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  • Cannabis in Canada: Who wins and who loses under new law

    Provinces set the rules over where a person can consume cannabis, which has created a patchwork of regulations across the country
    BBC News (UK)
    Monday, October 15, 2018

    canada cannabis ottawaCanada is about to become the second nation to fully legalise recreational cannabis. When prohibition comes to an end on 17 October, Canadian adults will be able to purchase and consume the drug from federally licensed producers. The country has one of the highest rates of cannabis use in the world, particularly among young people. Canadians spent an estimated C$5.7bn ($4.6bn; £3.5bn) in 2017 alone on combined medical and recreational use - about $1,200 per user. The bulk of that spending was on black market marijuana. The bulk of that spending was on black market marijuana. Here's a look at some of the consequences of this sweeping transition in Canada - and the potential winners and losers. (See also: Canadian cannabis will be legal on Wednesday. Read this first)

  • Racial bias in police stop and search getting worse, report reveals

    Despite reforms, black people are nine times more likely than white people to be checked for drugs
    The Observer (UK)
    Saturday, October 13, 2018

    Black Britons are increasingly likely to be stopped and searched by police compared with white people, according to shocking new figures that challenge Theresa May’s attempt to reform the controversial power. The most authoritative analysis of the data since the Stephen Lawrence inquiry nearly 20 years ago found that black Britons are now nine times more likely to be stopped and searched for drugs than white people, despite using illegal substances at a lower rate. In 2014, when home secretary, May announced measures to make stop and search less biased, describing it as “unfair, especially to young black men”. But instead, the study The Colour of Injustice: ‘Race’, drugs and law enforcement in England and Wales found that its use has become more discriminatory.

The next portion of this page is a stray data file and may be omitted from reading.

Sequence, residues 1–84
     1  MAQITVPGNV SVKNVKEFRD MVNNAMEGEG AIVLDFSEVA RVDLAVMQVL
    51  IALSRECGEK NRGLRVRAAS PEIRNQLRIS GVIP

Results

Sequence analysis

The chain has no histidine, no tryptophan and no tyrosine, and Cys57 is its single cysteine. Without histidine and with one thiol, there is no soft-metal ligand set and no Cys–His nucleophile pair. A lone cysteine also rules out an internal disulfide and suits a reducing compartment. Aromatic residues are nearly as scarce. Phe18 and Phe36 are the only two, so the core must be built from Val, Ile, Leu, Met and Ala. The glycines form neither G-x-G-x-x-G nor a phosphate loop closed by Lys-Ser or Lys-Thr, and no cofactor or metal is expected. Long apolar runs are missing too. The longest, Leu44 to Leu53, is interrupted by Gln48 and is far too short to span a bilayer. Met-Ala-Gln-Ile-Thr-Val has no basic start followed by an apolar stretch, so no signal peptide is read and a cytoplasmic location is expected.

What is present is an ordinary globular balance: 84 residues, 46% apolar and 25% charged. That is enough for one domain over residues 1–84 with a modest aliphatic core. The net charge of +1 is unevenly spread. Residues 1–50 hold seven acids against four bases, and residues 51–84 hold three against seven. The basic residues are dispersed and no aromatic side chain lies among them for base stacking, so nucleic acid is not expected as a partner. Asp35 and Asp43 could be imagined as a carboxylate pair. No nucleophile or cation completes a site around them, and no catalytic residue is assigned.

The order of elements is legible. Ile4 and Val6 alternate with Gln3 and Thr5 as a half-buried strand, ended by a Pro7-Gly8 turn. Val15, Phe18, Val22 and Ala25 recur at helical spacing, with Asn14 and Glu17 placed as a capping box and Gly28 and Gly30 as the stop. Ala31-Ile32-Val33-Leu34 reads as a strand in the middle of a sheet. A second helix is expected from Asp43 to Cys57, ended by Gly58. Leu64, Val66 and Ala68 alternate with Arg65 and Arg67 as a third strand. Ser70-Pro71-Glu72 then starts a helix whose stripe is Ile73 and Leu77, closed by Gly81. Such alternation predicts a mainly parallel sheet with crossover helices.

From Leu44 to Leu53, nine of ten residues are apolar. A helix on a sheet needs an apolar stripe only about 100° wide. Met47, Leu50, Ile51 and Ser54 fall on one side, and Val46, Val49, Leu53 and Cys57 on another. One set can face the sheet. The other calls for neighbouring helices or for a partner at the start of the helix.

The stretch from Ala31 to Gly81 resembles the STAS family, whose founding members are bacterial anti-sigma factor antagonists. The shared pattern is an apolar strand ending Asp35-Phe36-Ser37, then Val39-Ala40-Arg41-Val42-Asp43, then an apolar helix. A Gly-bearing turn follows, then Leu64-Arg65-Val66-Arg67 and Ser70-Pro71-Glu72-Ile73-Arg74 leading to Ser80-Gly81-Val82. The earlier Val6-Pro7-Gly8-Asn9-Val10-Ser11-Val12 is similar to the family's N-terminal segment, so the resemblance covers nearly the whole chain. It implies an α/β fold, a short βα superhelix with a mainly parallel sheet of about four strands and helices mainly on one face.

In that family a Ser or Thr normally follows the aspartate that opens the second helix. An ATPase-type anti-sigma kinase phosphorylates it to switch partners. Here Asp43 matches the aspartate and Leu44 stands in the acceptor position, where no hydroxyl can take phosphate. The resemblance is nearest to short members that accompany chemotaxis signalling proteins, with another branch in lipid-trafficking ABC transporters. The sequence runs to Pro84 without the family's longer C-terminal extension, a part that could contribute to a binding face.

• Un Marocain raconte comment sa famille contrôlait le trafic du haschich entre le royaume et la France

    Pour Vice France, un Marocain, aujourd’hui travailleur social, raconte comment sa famille contrôlait le trafic du shit entre le royaume et la France
    Tel Quel (Maroc)
    Samedi, 13 octobre 2018

    « C’est ma grand-mère maternelle qui a commencé à importer du shit en France  », raconte Salim*,  dont la famille, dit-il, contrôlait le trafic de shit entre le Maroc et la France. Ce rifain originaire de Ketama, aujourd’hui travailleur social, a vécu au quotidien le stress d’une famille toujours sur le « qui-vive », arrivée en France en 1966, à Sens dans l’Yonne, suite à quelques petits problèmes avec la concurrence. Pour Vice France, le quadragénaire revient sur la genèse du business familial dans l’Hexagone et explique pourquoi il a fait un autre choix de vie. Selon Salim, la corruption touchait tous les niveaux de la hiérarchie policière.

  • Amsterdam wants to participate in regulated cannabis experiment

    The Amsterdam mayor also criticized the limited diversity of cannabis and hashish included in the experiment
    NL Times (Netherlands)
    Friday, October 12, 2018

    Amsterdam has to participate in the . If the Dutch capital, with the largest coffeeshop market in the Netherlands, does not participate, the experiment will fail, mayor Femke Halsema said in a city council debate on the issue. Halsema previously wrote a letter to the government asking that the . The current conditions make it impossible for the capital to participate. The size of Amsterdam's cannabis market - with 166 coffeeshops - is a problem. The government determined that the experiment will cover all coffeeshops in participating municipalities. But with so many coffeeshops in Amsterdam, that is basically impossible.

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